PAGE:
Development of Breakdown Probability Models for Rural Freeway Work Zones Using Field Data and Simulation
Type of DegreeMaster's Thesis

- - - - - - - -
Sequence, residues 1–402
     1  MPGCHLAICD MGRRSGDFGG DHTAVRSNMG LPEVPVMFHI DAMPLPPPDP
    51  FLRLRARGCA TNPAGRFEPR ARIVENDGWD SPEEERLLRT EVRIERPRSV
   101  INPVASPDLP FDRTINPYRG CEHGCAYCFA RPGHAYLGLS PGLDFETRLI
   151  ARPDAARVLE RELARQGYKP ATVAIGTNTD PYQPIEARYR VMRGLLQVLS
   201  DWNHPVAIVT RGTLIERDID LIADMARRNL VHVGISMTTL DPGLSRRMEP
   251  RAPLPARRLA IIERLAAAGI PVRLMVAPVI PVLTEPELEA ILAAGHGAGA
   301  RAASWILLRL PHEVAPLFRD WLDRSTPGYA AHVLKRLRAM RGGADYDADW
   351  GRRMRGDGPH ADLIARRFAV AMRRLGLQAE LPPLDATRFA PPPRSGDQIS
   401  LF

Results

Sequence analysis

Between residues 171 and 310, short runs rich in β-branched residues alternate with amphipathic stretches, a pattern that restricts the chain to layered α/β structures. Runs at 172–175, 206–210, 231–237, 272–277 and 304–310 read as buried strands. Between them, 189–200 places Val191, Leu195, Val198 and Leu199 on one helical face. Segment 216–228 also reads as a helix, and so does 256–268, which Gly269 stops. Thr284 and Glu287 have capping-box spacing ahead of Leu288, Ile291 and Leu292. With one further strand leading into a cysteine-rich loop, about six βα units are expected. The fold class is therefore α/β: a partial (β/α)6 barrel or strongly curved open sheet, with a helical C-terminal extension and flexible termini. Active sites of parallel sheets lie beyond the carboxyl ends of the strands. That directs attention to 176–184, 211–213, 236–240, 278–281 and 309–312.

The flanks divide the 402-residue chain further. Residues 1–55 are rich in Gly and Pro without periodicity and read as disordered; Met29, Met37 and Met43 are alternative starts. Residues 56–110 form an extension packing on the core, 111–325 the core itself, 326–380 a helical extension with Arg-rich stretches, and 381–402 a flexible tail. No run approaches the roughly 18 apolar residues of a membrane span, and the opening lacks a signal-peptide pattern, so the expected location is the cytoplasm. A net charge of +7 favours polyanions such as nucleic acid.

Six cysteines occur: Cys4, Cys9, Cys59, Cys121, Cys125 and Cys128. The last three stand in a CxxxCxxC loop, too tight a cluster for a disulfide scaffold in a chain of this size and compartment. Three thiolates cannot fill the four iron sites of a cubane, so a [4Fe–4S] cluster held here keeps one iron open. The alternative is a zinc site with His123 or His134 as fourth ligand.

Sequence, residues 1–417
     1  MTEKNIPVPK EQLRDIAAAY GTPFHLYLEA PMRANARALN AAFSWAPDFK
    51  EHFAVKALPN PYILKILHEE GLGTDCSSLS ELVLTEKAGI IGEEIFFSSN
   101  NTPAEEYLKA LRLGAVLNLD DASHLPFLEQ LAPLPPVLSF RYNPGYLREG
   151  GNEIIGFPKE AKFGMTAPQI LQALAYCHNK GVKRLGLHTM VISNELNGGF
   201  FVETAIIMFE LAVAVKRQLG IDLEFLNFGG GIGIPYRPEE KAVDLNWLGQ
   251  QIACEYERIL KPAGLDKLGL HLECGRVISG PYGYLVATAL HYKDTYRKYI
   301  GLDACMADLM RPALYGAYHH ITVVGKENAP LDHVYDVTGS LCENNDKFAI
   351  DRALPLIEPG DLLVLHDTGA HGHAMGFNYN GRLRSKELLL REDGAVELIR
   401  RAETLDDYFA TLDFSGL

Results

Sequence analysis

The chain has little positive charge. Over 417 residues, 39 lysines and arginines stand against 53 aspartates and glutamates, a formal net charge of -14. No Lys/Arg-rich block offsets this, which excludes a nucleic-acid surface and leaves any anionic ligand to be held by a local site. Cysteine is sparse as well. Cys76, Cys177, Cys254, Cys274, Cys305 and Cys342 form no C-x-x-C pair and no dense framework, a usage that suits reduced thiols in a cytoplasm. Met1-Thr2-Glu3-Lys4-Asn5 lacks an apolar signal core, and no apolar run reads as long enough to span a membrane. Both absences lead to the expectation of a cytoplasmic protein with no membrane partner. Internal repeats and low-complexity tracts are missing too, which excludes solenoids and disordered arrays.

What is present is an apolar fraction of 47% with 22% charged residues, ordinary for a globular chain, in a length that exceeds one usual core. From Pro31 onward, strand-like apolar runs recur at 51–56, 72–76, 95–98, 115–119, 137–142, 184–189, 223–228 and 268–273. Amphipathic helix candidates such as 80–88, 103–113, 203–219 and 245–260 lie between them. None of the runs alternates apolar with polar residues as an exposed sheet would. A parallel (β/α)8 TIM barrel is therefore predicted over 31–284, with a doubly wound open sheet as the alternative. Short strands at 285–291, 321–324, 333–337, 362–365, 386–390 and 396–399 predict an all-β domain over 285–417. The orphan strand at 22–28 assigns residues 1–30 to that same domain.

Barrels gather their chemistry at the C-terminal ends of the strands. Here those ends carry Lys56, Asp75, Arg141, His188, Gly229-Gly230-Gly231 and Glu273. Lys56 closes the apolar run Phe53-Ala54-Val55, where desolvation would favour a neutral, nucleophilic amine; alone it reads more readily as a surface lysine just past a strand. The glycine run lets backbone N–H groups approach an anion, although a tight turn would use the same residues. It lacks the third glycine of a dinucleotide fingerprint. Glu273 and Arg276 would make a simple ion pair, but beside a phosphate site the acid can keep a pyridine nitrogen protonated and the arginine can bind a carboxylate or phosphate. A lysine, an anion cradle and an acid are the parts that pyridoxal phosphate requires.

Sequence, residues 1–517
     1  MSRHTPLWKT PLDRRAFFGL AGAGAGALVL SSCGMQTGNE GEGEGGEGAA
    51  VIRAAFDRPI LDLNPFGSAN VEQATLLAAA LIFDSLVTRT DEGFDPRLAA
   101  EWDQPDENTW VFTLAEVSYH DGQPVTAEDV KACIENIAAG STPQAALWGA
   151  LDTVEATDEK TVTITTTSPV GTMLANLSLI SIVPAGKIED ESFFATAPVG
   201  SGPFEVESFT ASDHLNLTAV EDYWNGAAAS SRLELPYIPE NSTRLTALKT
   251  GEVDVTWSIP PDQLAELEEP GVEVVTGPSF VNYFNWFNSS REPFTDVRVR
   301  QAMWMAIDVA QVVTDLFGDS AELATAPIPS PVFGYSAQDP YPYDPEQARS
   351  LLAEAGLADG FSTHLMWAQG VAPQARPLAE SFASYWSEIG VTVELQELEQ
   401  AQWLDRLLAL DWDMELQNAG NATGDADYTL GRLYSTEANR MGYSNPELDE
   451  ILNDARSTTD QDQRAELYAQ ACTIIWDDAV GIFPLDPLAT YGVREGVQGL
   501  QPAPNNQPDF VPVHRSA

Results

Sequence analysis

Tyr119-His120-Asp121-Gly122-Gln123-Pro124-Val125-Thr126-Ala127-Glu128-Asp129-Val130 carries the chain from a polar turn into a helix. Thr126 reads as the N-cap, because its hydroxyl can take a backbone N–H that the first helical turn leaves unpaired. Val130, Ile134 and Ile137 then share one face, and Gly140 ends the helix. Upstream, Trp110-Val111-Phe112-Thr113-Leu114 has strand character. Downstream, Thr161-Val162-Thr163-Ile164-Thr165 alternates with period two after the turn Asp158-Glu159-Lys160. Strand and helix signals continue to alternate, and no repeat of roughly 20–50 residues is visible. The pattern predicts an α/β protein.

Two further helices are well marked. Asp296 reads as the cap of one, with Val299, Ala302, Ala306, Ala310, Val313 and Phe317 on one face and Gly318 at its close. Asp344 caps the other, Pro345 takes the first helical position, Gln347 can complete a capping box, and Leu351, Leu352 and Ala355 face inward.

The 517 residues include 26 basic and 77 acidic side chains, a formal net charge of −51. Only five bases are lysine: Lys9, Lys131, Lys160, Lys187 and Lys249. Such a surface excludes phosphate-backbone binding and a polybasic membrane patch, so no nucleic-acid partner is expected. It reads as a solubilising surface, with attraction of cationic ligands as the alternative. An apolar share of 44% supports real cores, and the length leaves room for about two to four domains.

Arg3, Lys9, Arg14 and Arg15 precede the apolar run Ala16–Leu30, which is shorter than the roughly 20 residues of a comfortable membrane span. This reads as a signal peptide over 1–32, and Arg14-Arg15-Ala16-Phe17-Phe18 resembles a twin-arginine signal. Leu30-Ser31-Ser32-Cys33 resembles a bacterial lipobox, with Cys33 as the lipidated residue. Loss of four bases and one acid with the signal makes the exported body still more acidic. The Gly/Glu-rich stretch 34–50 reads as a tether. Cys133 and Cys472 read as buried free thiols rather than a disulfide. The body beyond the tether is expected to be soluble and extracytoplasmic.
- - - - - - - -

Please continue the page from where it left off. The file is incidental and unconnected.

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The current state of the National Highway System often necessitates that agencies interrupt normal traffic operations for maintenance and capacity improvements. With nearly 9 million lane-miles of public roadway and an economy driven by the automobile, these interruptions are inevitable, but the significant safety and mobility impacts associated with queueing at freeway work zones are mitigable. The current methodology in the 6th edition of the Highway Capacity Manual is a vast improvement over historical work zone capacity guidance, but approaches the issue differently than research suggests agencies and practitioners should. Namely, a capacity defined by the mean queue discharge rate is deterministic and fails to account for the stochastic nature of traffic flow and breakdown. This thesis addressed these core issues by calibrating and validating a VISSIM model for a rural freeway work zone lane closure and exploring the probability of queue formation as a function of traffic volume, truck percentage, and lane closure side. The results were combined to form a capacity analysis tool that may be used by agencies and practitioners to make data-driven planning, design, and operations decisions at rural freeway work zones. The methodology applied herein may also be extended to freeway facilities exhibiting different geometric, traffic, and environmental characteristics.